Remembering Heinrich Schiff

The world-renowned Austrian cellist and conductor Heinrich Schiff passed away on Friday. He was 65.

Schiff leaves behind an extensive recorded legacy, including cello concertos of Vivaldi and Haydn, the Brahms Double Concerto with violinist Frank Peter Zimmermann, and the Shostakovich Cello Concertos, conducted by Maxim Shostakovich (the composer’s son). In 1971, he gave one of the earliest performances of the haunting Cello Concerto by twentieth century Polish composer Witold Lutoslawski.

Heinrich Schiff will be remembered, also, for his spectacular 1985 recording of J.S. Bach’s six solo Cello Suites. This is music he credited with saving his life, following a 2008 stroke. Cellist Steven Isserlis told the story in a Slipped Disc interview last year:

One story that he told me really struck home. I was complaining (as usual) about the pressures of performing the Bach suites. He looked at me, and said quietly: ‘Bach saved my life.’ I asked him what he meant; and he told me that a few years ago, he had a serious stroke, and was in danger of losing all mobility on his left side. As soon as he got to hospital, and realised what was happening, he started (almost instinctively, I imagine) to go through the fingerings of the Prelude to Bach’s first suite, moving his fingers ceaselessly to the imaginary music. He did this for about 20 hours a day, he thinks; and gradually his whole body came back to life, powered by those fingerings. It is an amazing story (and he said he was happy for it to be generally known).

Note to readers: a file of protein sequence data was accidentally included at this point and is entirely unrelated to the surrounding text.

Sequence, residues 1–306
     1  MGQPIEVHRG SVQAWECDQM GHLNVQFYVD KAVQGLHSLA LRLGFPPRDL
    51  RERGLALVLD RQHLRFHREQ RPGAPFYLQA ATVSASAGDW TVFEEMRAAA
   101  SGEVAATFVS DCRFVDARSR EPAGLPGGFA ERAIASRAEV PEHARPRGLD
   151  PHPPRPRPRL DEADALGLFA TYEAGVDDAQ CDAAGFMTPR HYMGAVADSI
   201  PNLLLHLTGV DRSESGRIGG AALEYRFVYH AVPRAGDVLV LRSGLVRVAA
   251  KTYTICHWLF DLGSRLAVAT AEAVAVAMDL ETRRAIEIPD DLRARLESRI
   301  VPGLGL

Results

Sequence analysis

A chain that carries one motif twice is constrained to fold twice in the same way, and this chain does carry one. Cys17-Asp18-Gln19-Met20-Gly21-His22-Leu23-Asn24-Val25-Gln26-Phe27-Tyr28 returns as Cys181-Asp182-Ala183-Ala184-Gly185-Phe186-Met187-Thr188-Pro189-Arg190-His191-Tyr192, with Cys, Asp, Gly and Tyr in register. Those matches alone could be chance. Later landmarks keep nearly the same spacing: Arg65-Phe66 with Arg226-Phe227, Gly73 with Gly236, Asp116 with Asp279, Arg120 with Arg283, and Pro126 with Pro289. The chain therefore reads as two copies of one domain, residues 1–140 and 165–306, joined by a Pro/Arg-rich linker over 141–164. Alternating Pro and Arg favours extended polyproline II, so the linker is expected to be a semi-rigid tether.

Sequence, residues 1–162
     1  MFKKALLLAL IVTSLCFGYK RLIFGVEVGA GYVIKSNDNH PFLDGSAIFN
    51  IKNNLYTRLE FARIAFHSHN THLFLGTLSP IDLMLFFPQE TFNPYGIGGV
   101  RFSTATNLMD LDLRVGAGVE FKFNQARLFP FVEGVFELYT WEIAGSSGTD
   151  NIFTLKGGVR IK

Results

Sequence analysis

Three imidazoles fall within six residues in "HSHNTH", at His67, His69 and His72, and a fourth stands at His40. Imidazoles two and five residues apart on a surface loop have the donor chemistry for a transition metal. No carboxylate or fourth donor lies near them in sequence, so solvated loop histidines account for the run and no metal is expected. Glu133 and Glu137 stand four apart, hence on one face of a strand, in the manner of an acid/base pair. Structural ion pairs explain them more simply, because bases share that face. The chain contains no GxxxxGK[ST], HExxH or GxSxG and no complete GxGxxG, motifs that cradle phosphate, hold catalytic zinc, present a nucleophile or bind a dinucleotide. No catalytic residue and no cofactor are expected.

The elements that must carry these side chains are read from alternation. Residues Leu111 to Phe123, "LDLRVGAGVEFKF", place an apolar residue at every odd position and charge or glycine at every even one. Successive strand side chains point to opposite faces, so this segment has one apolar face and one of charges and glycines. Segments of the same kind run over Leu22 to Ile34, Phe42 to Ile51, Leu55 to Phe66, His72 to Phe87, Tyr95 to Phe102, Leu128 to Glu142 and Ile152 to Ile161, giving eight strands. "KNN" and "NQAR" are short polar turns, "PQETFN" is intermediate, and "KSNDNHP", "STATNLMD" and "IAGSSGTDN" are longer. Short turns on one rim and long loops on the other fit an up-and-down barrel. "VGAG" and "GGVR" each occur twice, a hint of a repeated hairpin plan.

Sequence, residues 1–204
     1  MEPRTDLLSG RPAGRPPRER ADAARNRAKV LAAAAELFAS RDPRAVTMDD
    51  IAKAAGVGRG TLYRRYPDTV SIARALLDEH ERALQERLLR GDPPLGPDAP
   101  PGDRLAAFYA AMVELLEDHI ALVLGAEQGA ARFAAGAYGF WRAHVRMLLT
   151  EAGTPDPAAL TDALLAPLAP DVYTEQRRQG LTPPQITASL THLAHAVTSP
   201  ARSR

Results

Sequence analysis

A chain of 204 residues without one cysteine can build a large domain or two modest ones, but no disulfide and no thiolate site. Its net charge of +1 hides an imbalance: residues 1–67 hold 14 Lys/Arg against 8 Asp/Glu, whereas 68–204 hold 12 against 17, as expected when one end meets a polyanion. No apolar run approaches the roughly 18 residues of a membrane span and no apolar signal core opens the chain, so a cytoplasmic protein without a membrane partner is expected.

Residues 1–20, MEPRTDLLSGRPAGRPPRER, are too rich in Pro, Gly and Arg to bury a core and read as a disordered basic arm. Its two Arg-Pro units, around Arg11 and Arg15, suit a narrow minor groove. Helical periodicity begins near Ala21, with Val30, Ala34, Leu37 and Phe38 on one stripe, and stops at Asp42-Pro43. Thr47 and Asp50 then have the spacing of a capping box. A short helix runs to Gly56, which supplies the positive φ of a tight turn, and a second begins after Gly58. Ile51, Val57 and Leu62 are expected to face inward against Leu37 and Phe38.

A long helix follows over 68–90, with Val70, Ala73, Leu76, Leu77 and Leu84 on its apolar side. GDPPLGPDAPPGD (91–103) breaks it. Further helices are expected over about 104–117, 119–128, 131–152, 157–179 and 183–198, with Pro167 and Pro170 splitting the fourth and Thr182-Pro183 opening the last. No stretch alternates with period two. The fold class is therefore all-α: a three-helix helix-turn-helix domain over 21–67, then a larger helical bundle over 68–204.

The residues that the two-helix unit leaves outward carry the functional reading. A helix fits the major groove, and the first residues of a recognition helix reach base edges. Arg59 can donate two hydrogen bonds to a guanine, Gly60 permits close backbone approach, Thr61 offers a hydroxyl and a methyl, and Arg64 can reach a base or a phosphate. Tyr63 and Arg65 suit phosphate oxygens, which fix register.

Today you would never guess that he could have been half-paralyzed, possibly even incapable of speech – or worse. The miracle of Bach – and of Heinrich.

In terms of finger coordination and mental agility, this may be some of the most digital music ever written. But listening to the opening Prelude from Suite No.2 in D minor, I was struck by the singing, tunefulness of Schiff’s playing:

The Prelude from Suite No.4 in E flat is a celebration of harmony and vivacious drama:

Listen to the voices and fun-loving sense of dance which emerge from the Fourth Suite’s Bourrée 1 and 2:

Recordings

  • Bach: Cello Suites, Heinrich Schiff iTunes
  • Heinrich Schiff’s complete discography iTunes

About Timothy Judd

A native of Upstate New York, Timothy Judd has been a member of the Richmond Symphony violin section since 2001. He is a graduate of the Eastman School of Music where he earned the degrees Bachelor of Music and Master of Music, studying with world renowned Ukrainian-American violinist Oleh Krysa.

The son of public school music educators, Timothy Judd began violin lessons at the age of four through Eastman’s Community Education Division. He was a student of Anastasia Jempelis, one of the earliest champions of the Suzuki method in the United States.

A passionate teacher, Mr. Judd has maintained a private violin studio in the Richmond area since 2002 and has been active coaching chamber music and numerous youth orchestra sectionals.

In his free time, Timothy Judd enjoys working out with Richmond’s popular SEAL Team Physical Training program.

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